Sugar must have been produced and consumed in India as early as the Vedic ages (c 800 BC) since it is mentioned in the literature from that time period1. Western historians mention that sugar was exported from India in the eighth and ninth centuries2. Jaggery, or unrefined sugar derived from sugar cane or palm, is a form in which sugar has been consumed in India, more so during ancient times but also to an extent in contemporary society. Growing-up, I remember parts of the store-room in the house smelling of jaggery. It was a distinct smell, deep and rich, and quite unlike that of refined white sugar. The smell would become stronger on festive occasions when the airtight lid covering the jaggery container was opened and pieces of jaggery were shaved off of a big solid block, to melt in a pan over heat, enroute to sweetening any number of desserts.
Pachai paruppu payasam, is a jaggery-based dessert that was on the rotation of festive occasion desserts that I grew up with, and here is a method to make it.
Split-green gram (yellow when skinned)
Cook the green gram with water in the proportion, one part green gram to 3-4 parts water with a covered lid until the grams are soft but still hold their shape. Mash some of the cooked gram to smooth consistency while leaving others as is to retain some coarse texture. Cook further to reach desired consistency. Shave enough jaggery to add to a pan, and heat under low flame to melt. Pour the melted dark jaggery into the gram mixture until desired sweetness is reached. Add some thick coconut milk, bring to a boil, and take the pan off the heat. In a separate pan, melt a little clarified butter to roast some cashewnuts and raisins and add to the gram mixture to finish the dessert. Garnish with a few broken cardamom pods.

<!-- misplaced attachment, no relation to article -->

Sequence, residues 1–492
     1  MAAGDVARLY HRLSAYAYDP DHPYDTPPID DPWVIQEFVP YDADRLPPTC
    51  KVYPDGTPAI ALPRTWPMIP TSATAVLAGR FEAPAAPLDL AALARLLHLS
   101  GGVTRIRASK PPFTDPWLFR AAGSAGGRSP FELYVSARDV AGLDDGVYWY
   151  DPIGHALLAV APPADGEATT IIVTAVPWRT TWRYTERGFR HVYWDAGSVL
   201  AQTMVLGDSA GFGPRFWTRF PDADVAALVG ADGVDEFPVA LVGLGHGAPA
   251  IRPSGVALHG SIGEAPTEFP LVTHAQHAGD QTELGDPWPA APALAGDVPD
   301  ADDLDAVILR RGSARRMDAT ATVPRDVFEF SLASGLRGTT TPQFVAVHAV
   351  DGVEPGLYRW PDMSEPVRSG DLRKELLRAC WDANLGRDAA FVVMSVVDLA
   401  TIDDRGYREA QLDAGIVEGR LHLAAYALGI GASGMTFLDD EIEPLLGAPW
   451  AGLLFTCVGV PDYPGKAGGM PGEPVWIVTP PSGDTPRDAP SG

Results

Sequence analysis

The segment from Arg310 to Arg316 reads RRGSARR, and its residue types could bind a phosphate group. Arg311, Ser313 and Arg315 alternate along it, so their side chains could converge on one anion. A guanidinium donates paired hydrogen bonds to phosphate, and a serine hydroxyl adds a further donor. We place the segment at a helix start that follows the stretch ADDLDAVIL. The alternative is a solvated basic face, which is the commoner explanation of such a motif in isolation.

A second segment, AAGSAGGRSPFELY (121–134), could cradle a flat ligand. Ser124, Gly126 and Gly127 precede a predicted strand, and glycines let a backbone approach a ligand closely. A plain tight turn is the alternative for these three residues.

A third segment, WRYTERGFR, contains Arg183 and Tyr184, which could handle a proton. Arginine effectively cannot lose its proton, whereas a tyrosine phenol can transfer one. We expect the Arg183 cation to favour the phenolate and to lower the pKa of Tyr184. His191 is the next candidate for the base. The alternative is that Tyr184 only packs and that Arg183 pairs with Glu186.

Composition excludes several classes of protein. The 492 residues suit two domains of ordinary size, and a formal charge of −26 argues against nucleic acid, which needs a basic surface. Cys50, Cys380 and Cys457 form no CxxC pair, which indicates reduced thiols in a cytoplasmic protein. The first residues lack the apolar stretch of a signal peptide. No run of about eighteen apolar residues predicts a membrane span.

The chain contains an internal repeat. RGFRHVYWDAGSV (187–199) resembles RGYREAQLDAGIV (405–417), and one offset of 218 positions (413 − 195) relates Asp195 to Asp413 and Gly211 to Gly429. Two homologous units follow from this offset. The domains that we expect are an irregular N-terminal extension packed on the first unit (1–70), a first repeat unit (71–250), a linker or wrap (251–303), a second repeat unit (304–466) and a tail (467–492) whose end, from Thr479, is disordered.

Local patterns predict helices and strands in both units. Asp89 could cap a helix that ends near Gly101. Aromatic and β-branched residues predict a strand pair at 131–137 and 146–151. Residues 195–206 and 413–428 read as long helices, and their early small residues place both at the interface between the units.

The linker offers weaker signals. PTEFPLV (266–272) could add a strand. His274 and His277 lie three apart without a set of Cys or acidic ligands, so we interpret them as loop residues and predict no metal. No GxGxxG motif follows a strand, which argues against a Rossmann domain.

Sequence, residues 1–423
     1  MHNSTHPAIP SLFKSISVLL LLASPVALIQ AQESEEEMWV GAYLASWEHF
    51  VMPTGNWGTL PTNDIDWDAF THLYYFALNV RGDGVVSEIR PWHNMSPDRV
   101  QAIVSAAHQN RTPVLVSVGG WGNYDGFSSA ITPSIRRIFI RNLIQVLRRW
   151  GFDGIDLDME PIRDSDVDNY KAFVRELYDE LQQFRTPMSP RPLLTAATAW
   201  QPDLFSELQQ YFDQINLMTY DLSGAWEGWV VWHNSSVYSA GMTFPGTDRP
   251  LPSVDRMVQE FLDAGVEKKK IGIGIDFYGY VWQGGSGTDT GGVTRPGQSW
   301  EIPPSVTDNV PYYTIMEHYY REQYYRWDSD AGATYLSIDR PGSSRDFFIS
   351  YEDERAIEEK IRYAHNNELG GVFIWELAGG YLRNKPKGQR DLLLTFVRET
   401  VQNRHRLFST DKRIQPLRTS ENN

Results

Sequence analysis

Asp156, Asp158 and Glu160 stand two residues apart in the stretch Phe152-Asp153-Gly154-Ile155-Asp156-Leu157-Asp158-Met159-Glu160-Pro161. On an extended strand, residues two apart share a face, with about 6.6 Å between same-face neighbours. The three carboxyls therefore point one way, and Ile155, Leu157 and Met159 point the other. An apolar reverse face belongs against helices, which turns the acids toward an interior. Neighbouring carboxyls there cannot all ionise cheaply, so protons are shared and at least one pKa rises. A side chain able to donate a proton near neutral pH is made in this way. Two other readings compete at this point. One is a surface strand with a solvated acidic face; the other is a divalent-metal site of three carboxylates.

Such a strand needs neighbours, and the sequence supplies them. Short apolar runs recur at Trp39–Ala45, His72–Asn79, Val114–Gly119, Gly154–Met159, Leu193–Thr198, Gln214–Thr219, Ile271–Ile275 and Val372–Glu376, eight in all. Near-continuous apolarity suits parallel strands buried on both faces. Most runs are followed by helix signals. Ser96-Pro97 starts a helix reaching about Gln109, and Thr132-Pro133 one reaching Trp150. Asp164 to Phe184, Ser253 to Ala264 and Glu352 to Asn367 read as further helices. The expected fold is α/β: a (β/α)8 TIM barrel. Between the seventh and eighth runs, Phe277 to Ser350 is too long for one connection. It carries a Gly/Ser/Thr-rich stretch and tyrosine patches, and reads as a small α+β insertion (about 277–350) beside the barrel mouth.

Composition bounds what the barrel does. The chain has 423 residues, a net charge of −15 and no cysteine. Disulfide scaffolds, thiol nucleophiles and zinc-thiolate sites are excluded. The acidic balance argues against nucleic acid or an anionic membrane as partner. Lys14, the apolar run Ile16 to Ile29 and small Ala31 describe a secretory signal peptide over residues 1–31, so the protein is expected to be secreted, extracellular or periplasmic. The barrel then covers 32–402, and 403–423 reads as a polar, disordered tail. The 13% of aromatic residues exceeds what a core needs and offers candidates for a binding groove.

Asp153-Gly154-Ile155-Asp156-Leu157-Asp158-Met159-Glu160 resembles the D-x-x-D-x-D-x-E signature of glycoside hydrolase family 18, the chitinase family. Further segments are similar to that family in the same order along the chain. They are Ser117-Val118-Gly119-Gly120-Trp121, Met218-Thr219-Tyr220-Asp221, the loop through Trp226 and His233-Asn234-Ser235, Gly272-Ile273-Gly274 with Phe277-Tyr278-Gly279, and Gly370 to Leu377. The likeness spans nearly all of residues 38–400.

As a child, pachai paruppu payasam was not on my list of favorites, I preferred another kind in the same family of desserts that used milk, rice and refined white sugar. However, I recall how enthusiastic my grandmother’s reactions were to the jaggery and green gram based version. She mentioned that it was a specialty in Kerala, the neighboring state where she grew up. As time has gone by, pachai paruppu payasam has become a favorite. I do not know exactly why, but I wonder today, as my grandmother turns eighty-two.
1. Indian Food: A Historical Companion by KT Achaya
2. Food: The History of Taste by Paul Freedman